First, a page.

In the first half of the 19th century, teratology became a science free from considerations of God’s direct interference in natural processes. It also limited its area of study to birth defects, therefore eliminating imaginary monsters.

Anatomists approached the question of monstrosity as a whole and confirmed that it was a part of the evolution of the foetus. They depicted ‘monstrosity’ as part of a natural process, rather than as an independently produced phenomenon. Furthermore, they established a distinction between physical anomaly and monstrosity, and created a specific vocabulary for each of them. It is interesting to note that modern teratologists retained ‘monster’ as a scientific term, therefore using a word which, through centuries, had inspired many prejudices.

The early nineteenth century also witnessed the first attempts by men to artificially create monstrous deformity in living organisms as a way to better understand the mechanisms that led to monstrosity.

Johann Friedrich Meckel (1781-1833). De duplicitate monstrosa commentarius… Halle & Berlin: E Librariis Orphanotrophei, 1815.

Meckel, a pathologist and comparative anatomist who was a predecessor of Darwin, contributed to the creation of scientific teratology by promoting the view that the higher animals were the result of a progressive evolution from lower forms of life.

Etienne Geoffroy Saint-Hilaire (1772-1844). Philosophie anatomique. Des Monstruosités humaines, ouvrage contenant une classification des monstres …Paris: auteur, 1822.

The works of the Geoffroy St. Hilaire family were fundamental in the development of teratology. Etienne, the father, demonstrated through comparative anatomical studies that a cause of monstrosity was an interruption in the development of the foetus. This brought to an end lingering support for the theory that a pregnant woman’s imagination could influence the development of monstrosities.

Rejecting previous classifications which were limited to a description of different monsters, Geoffroy de St. Hilaire elaborated a new classification system emphasizing the character of monstrosity rather than the individual monster.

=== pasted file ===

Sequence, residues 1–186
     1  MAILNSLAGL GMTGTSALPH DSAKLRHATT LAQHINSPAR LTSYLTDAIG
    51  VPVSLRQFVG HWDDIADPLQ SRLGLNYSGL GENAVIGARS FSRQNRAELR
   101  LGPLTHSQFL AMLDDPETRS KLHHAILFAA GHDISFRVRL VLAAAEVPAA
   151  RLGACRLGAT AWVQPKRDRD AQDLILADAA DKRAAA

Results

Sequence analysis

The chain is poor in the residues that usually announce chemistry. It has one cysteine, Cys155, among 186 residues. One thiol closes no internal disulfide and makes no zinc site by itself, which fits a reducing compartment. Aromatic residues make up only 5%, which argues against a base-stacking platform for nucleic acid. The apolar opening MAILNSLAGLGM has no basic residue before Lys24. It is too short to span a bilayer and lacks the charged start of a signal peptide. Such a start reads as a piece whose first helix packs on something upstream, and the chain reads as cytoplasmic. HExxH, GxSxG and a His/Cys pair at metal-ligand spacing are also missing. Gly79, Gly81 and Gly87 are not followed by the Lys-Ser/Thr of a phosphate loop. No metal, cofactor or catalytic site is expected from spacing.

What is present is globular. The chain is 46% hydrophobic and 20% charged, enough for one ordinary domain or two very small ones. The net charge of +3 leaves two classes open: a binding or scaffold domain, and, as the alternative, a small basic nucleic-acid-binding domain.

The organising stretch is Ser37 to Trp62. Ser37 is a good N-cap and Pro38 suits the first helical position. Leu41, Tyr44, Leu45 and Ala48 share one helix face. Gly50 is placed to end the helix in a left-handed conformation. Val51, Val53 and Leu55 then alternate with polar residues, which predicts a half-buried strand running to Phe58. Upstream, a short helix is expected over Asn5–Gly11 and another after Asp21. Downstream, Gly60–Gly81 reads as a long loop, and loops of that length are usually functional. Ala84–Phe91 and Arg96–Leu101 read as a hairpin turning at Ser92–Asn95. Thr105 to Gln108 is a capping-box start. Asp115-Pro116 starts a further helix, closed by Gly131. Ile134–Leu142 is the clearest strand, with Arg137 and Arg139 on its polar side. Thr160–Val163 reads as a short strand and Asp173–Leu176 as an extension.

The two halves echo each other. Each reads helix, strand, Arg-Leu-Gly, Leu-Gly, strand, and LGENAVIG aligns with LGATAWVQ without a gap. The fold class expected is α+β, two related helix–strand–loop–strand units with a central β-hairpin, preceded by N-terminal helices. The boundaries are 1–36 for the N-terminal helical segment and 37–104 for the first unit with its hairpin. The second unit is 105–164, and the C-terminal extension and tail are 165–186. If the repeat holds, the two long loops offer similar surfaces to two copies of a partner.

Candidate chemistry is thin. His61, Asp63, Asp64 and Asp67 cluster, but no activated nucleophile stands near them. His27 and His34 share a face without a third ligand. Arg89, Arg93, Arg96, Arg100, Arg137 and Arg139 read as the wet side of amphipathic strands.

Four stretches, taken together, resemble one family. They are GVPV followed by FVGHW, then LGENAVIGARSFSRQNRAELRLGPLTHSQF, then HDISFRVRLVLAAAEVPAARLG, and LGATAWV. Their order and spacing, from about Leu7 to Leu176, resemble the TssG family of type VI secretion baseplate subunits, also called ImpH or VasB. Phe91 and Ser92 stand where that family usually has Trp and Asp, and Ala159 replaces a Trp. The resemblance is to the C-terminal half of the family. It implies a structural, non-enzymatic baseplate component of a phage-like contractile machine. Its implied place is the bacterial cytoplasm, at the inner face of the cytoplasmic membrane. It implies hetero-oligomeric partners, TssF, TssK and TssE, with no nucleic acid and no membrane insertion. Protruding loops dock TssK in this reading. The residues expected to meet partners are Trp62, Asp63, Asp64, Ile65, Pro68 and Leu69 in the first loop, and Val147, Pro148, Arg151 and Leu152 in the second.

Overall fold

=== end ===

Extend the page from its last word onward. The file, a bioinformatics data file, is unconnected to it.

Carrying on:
Isidore Geoffroy Saint-Hilaire (1805-1861). Histoire générale et particulière des anomalies de l’organisation chez l’homme et les animaux … Atlas contenant 20 planches avec leur explication …Paris: J.B. Baillière, 1857.

Isidore Geoffroy St-Hilaire continued the research of his father Etienne. He established a classification system more elaborate than that of his father, which had limited monstrosity to extreme anomalies. Furthermore, Isidore refused to view physically unusual individuals as failed ‘normal’ beings to be rejected by society.

Camille Dareste (1822-1899). Recherches sur la production artificielle des monstruosités ou essais de tératogenie expérimentale…Paris: Reinuald, 1891.

Dareste founded experimental teratology and, for the first time, artificially produced birth defects and monstrous births. He experimented with chicken embryos and succeeded in creating a form of monstrosity unknown before. Through such experiments, Dareste sought a better understanding of monstrosity.

Mary Wollstonecraft Shelley (1797-1851). Frankenstein; or, The Modern Prometheus ... London: Collier Macmillan Publishers, 1961.

Frankenstein was first published in 1818. Its author, Mary Shelley, was well aware of the medical and other scientific discoveries of her time, and used them in her novel. Far from describing a ‘freak’, Shelley described a monster fabricated by science, and in doing so anticipated the more benign monsters such as those produced by teratologists later.

Frankenstein has retained its popularity because it succeeded in expressing feelings that have persisted, such as fear of experimental science and misunderstanding of monsters.

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